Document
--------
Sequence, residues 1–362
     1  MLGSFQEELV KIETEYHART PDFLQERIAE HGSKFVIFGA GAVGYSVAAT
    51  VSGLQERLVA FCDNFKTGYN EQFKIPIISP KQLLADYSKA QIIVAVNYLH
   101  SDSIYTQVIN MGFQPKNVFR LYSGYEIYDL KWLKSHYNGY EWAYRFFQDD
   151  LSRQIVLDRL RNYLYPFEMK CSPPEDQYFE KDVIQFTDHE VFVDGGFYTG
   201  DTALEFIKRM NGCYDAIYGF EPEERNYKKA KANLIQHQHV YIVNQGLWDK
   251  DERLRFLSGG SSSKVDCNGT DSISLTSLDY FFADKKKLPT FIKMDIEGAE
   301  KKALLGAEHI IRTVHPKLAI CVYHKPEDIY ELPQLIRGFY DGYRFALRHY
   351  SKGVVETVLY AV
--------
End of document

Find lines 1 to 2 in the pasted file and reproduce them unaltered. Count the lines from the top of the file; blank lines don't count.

Sequence, residues 1–362
     1  MLGSFQEELV KIETEYHART PDFLQERIAE HGSKFVIFGA GAVGYSVAAT